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Drugs and the law

What follows applies to the UK only – more on each drug’s legal status can be found on its page.

Drug classes

Under the Misuse of Drugs Act 1971, drugs are grouped into three categories: Class A, Class B and Class C, with Class A carrying the heaviest penalties.

Any drug not in Class A, B or C is not controlled under the Misuse of Drugs Act, but may be controlled under the Medicines Act 1968 or other legislation such as consumption of tobacco and alcohol laws.

Class A

This covers MDMA/ecstasy, acid/LSD, cocaine, crack, heroin, magic mushrooms, crystal meth and any other drug that’s been prepared for injecting.

Penalties for Class A drugs:

  • Possession: up to 7 years in prison and/or an unlimited fine.
  • Supply: up to life in prison and/or unlimited fine.

Class B

This covers mephedrone, amphetamines (eg, speed or Ritalin), barbiturates, ketamine, codeine, cannabis and synthetic cannabinoids.

Penalties for Class B drugs:

  • Possession: up to 5 years in prison and/or an unlimited fine.
  • Supply: up to 14 years in prison and/or unlimited fine.

Class C

This covers GHB/GBL, BZP, anabolic steroidstranquilisers (like benzo, diazepam), temazepam, tramadol and khat.

Penalties for Class C drugs:

  • Possession: up to two years in prison and/or an unlimited fine.
  • Supply: up to 14 years in prison and/or unlimited fine.

Temporary class drugs

The Government can now ban new drugs for one year under a ‘temporary banning order’. This is while they decide whether the substance endangers the public and, if so, how it should be classified.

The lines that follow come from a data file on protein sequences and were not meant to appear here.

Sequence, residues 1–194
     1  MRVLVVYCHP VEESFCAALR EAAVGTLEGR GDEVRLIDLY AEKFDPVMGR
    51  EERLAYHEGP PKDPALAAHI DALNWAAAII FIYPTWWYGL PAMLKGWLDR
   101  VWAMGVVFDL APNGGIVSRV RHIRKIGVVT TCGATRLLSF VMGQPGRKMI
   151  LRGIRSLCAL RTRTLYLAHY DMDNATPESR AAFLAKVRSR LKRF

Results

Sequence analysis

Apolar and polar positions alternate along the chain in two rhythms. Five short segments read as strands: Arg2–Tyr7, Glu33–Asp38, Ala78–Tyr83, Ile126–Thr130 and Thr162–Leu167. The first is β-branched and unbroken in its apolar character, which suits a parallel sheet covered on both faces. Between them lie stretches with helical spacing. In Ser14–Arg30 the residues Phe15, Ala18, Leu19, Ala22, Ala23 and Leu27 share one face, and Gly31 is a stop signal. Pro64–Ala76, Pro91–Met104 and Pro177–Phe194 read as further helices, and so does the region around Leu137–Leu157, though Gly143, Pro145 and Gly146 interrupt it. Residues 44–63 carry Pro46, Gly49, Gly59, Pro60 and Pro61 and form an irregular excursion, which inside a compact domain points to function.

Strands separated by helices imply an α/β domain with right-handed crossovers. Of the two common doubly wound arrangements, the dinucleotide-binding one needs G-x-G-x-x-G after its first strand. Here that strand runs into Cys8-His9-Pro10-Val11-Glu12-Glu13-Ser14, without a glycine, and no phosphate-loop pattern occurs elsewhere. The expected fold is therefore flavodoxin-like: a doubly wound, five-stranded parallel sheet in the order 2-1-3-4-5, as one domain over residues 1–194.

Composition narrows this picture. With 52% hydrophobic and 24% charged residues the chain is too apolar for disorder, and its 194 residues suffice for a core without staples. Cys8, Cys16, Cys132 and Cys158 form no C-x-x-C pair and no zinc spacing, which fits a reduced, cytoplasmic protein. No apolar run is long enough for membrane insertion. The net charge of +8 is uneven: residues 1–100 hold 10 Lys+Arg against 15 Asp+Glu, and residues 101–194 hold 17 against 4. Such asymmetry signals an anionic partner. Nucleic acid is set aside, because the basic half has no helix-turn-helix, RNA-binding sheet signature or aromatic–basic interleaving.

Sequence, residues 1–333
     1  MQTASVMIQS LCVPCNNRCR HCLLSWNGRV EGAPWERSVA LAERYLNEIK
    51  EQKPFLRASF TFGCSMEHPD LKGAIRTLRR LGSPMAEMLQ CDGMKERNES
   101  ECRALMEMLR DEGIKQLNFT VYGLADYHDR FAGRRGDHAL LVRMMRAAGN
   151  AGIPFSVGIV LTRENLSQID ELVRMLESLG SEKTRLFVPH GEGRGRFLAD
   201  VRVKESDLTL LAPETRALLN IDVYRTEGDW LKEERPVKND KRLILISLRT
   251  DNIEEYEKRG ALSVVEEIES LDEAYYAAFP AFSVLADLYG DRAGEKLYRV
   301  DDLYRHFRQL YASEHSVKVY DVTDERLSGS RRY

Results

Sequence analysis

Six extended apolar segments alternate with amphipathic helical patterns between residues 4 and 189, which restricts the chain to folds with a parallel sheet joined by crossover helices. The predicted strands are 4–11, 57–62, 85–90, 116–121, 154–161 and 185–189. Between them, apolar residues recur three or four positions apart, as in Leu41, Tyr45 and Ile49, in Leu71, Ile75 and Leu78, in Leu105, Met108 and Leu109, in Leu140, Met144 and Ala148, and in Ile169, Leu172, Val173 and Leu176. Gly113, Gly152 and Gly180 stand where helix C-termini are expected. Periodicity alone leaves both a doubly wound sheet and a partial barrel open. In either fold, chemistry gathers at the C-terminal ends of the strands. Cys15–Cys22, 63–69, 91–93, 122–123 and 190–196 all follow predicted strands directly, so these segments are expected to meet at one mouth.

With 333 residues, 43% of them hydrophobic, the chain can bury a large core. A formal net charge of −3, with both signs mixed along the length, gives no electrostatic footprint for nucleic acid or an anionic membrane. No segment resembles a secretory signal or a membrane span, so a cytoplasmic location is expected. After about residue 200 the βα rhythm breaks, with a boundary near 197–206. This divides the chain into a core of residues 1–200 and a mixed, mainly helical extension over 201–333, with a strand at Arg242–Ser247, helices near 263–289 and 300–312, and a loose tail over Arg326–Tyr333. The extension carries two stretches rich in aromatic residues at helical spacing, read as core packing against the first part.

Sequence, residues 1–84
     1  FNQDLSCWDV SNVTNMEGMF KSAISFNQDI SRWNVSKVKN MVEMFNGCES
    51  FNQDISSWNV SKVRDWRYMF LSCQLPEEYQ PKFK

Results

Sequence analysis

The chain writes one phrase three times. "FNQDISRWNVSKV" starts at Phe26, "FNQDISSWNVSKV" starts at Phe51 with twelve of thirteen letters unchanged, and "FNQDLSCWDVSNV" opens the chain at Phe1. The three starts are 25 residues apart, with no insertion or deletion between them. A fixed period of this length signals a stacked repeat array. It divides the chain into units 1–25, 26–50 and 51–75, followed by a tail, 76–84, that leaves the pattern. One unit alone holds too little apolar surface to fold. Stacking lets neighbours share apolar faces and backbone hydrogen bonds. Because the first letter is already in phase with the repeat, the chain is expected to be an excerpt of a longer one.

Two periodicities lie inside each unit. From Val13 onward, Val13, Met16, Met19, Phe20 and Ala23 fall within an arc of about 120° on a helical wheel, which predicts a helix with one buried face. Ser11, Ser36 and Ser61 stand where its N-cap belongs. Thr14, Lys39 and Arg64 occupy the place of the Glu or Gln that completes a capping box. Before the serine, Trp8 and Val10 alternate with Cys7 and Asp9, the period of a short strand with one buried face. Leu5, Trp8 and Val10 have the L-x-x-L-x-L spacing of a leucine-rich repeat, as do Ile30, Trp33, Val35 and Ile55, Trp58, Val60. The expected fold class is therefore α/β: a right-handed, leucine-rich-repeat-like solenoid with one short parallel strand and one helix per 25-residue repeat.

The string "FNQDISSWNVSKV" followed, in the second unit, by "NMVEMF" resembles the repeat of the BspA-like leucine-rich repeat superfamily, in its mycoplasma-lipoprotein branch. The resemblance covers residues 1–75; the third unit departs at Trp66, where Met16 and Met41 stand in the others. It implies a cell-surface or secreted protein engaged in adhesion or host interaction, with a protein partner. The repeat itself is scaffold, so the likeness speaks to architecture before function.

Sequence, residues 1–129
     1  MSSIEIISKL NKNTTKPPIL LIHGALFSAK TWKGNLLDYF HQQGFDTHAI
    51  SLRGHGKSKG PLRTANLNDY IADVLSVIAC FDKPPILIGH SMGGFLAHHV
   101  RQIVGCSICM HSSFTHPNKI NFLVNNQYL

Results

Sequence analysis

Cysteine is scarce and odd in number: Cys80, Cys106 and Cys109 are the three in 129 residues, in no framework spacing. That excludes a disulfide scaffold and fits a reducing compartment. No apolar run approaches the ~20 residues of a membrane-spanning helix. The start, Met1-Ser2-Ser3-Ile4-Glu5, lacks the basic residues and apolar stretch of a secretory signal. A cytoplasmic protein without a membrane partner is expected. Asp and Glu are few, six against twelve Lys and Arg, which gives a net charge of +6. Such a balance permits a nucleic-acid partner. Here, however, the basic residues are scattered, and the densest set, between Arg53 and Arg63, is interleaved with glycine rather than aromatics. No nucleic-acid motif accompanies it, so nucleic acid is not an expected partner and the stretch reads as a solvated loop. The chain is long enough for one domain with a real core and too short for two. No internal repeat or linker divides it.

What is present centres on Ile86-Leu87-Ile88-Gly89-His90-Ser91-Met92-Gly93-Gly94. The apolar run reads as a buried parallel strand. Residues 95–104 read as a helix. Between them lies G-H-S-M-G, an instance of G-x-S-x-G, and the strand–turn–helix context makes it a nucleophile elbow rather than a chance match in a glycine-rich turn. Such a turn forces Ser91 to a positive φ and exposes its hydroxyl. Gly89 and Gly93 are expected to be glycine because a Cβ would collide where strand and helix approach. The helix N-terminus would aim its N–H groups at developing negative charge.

Penalties for ‘temporary class’ drugs:

  • Possession: none, but the suspected drug can be seized by the police.
  • Supply: up to 14 years in prison and/or an unlimited fine.

‘Legal’ highs

Many so-called legal highs are now banned substances within the UK. Also, many ‘legal’ highs may contain banned substances in some quantity, and this still counts as an offence.

Driving on a legal high would also be illegal – just like drink driving, it could put your own or other people’s safety at risk. As with drink-driving, penalties could also include a fine, being disqualified from driving and, in some cases, a prison sentence.

What does ‘possession’ mean?

This includes having drugs on you or in your car, home or luggage you’re responsible for – even if it’s not with you at the time.

If you weren’t aware the drugs were there then you’ve not committed a crime. But you’re committing a crime if you know drugs are being kept, or used, in premises you’re responsible for like your home, vehicle, or business.

‘Possession’ can mean very small amounts of drug – in some countries just a trace on clothing, an amount too small to even use.

‘Joint possession’ is when two or more people own a shared supply or pool their drugs together.

If you’re caught with drugs it’s even worse if you say: ‘I was just carrying them for a friend’ or ‘They’re not all for me’ as this means you can be charged with supplying as well as possession.

What does ‘supply’ mean?

This covers dealing but also giving drugs to friends for free and passing on a joint.

The law punishes supplying and intending to supply drugs more harshly than just possessing them.

You can be charged with ‘intent to supply’ if it’s thought you were planning to sell or give the drugs to others later – for example, if you were caught with a large stash or baggies, scales etc were found at your house.

Offering to supply drugs is also a punishable offence, whether or not what you actually supply is an illegal drug.

You can be charged with ‘aggravated supply’ if you’re found near a school or if an underage person was involved.

There’s a real risk of a prison sentence if you’re charged with production or cultivation of drugs, and you’re virtually guaranteed time for importing and exporting drugs – the length depends on the volume and their purity.

Read our guide for dealing with the police ››

‹‹ Previous: HIV medication and drugs

Published: 16/11/2015
Next review: 16/11/2018